Norwegian food-to-hydro conglomerate Orkla is prepared to hike prices this year if raw material costs continue to rise.

Report its 2023 financial results, the Oslo-based group said it expected to see continued high prices for cocoa, fish-oils and tomato ingredients this year.

Orkla also predicted to see easing costs for sugar and grain-based ingredients.

Speaking to analysts during the company’s fourth-quarter results call, CEO Nils Selte said: “We always negotiate with our customers and we will increase prices if necessary for the period to come as well when we see price increases on the raw materials.”

Orkla’s operating revenue rose 16% in 2023 to Nkr67.8bn ($6.45bn).

However, operating profit decreased 9.6% to Nkr6.2bn. Adjusted EBIT was down 6.6% at Nkr6.9bn.

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Fourth-quarter revenue was up 10.3%, influenced “by positive currency translation effects and organic sales growth for the consolidated portfolio companies as a result of price increases”.

While Orkla acknowledged that the pressure from cost inflation was not fully out of sight, it remained somewhat optimistic about future raw material prices.

During the earnings call, CFO, Harald Ullevoldsæter, said: “Input costs still pose a challenge but the situation is showing signs of stabilising.”

The private-label effect

The group’s food brands division, Orkla Foods Europe (OFE), recorded “broad-based organic sales growth driven by price increases”, in the fourth quarter, growing by 5.1%. Volume/mix however, fell 3.8%.

During 2023 as a whole, the division’s volume/mix dropped 5.8% amid consumer demand for private label goods in Sweden, Finland and Denmark. Without providing figures, Orkla said of OFE’s fourth-quarter performance: “Market share performance in grocery was in general somewhat better than previous quarters.”

Volumes sold to OFE’s out-of-home customers were “somewhat weaker” than in previous quarters, although its “sales development” in the channel “remained positive”.

Part of Orkla’s strategy to tackle increased costs and falling volumes from OFE in 2023 included restructuring the business in Czech Republic.

The company closed one factory, sold another and is in the process of assessing the status of two more. The company said it expected to decide on the remaining facilities in the first half of 2024.

Orkla’s ingredients division, Orkla Food Ingredients (OFI), saw volume/mix decline 1.8% in the fourth quarter and dip 0.4% for the full year. This came due to lower ice cream volumes in its sweet line, and its bakery unit taking a hit from high consumer demand for lower priced goods.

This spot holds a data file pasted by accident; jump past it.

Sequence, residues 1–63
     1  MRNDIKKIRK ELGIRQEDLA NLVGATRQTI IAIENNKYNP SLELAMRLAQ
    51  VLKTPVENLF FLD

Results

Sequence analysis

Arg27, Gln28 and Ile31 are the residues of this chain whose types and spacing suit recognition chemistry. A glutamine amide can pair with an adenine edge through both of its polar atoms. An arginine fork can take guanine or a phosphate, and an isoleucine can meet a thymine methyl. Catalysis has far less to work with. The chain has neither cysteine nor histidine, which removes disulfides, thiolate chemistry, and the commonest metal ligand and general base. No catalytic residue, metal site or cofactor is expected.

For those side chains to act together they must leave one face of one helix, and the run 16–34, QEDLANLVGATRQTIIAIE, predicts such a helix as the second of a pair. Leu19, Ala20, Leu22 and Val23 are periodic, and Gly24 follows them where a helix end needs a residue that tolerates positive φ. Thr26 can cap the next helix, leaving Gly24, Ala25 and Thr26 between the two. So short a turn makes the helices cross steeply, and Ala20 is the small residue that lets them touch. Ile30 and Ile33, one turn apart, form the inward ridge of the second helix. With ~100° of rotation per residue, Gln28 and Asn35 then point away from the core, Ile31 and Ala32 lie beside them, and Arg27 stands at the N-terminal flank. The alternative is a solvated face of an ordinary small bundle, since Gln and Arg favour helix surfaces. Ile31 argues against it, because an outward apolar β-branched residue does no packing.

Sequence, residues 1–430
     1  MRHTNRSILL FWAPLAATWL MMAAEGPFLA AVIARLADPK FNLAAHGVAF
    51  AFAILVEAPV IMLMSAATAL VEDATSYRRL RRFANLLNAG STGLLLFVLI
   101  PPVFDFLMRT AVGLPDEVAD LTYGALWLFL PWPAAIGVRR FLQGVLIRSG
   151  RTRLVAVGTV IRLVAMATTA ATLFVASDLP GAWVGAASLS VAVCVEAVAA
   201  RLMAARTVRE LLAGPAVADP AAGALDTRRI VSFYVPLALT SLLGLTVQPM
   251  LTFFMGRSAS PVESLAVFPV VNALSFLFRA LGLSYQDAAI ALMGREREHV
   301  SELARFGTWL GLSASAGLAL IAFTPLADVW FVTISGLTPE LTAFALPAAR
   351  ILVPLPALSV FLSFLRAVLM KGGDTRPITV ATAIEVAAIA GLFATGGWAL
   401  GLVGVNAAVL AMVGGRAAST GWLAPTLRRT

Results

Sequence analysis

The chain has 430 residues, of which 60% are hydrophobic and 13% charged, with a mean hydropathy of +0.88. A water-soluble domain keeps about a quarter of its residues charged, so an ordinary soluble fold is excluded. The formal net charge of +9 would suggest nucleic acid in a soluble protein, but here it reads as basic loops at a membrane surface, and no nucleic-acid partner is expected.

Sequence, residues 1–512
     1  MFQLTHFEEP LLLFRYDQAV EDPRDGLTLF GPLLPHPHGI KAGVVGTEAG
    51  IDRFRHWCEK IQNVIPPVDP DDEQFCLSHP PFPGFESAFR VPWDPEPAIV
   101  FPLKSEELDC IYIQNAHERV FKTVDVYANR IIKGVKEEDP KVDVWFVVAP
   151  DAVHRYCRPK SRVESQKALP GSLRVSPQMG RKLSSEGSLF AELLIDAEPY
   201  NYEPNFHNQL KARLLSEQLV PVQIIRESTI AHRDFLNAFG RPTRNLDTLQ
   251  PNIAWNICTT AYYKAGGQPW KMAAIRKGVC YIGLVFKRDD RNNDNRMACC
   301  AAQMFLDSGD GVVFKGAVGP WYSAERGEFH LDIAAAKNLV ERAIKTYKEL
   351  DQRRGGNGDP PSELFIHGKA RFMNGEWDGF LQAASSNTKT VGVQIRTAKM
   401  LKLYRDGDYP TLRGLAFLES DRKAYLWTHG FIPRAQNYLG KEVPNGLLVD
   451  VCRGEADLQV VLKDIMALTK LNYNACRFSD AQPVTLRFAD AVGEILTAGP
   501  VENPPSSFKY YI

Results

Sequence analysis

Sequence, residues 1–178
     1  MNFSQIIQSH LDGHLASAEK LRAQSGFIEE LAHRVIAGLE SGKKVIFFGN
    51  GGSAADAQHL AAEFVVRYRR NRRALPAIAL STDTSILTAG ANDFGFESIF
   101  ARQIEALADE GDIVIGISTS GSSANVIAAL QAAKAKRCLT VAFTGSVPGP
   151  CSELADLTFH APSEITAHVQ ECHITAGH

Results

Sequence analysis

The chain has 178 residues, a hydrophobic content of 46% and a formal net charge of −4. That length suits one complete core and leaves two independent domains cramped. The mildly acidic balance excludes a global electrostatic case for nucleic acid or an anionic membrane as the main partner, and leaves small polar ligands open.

OFI grew operating revenues organically 1.1% in the fourth quarter of 2023, with price increases primarily driving the growth “where the impact has gradually decreased due to stablisation of raw material prices”, the company said.  

Orkla sold a minority stake in the OFI business last October for Nkr15.5bn.

Responding to a question on how private label could impact Orkla’s performance in 2024, Selte said he had seen “signs of easing of competition”.

He added: “We see maybe that this shift is going back a little bit out of what we see from the [e-commerce] numbers a few days ago. And we also see signs of private label increasing prices more than actually we are doing currently.”

Repercussions of Latvia biscuit factory

Orkla’s Confectionary & Snacks division booked operating revenue of Nkr2.6bn in Q4, a 16.6% increase on the same period a year earlier. On an organic basis, sales were up 8.1%. Some 1.3% of that growth was related to higher volume/mix, Orkla said.

The segment however faced distribution challenges within its biscuits business in Sweden and the Baltics, which weighed on market share and volumes.

It also saw negative effects arising in Q4 from production challenges at its new Latvian biscuit factory. While the plant helped to boost production output in Q4, it was “still below plan on certain production lines”, said Orkla.

Fourth-quarter divisional EBIT was NKr341m, versus NKr289m a year earlier. Adjusted EBIT was NKr348m, compared to NKr345m in the final three months of 2022. “Underlying” EBIT dropped 6.9%.

Commenting on how the issues at the factory might affect Orkla’s performance in the first two quarters of 2024, Ullevoldsæter said: “You should expect that the regain will be a bit higher in the second half of 2024 but we should see improvement also in the first half.”

Orkla first announced plans to consolidate its biscuit operations in Latvia in 2018.

In a note to clients, AllianceBernstein analyst Bruno Monteyne said: “Orkla is missing expectations on all the important metrics: organic growth for Q4 was 5.3% versus consensus at 6.3% (-100 bps miss), with misses in most of the 11 divisions. Profitability is where the big misses are coming: group underlying EBIT came in at 9.1%, a 159 bps miss versus consensus at 10.7%, or NOK 1,900, a -15% miss.

“Sometimes volatile hydro power profits can cause big misses or beats but in this case the hydro power miss explains only 29% of the entire EBIT miss. It’s the underlying core business that is missing profits. The JVs (i.e. mainly Jotun) and finance costs were roughly in line, but tax was 41% better than consensus.”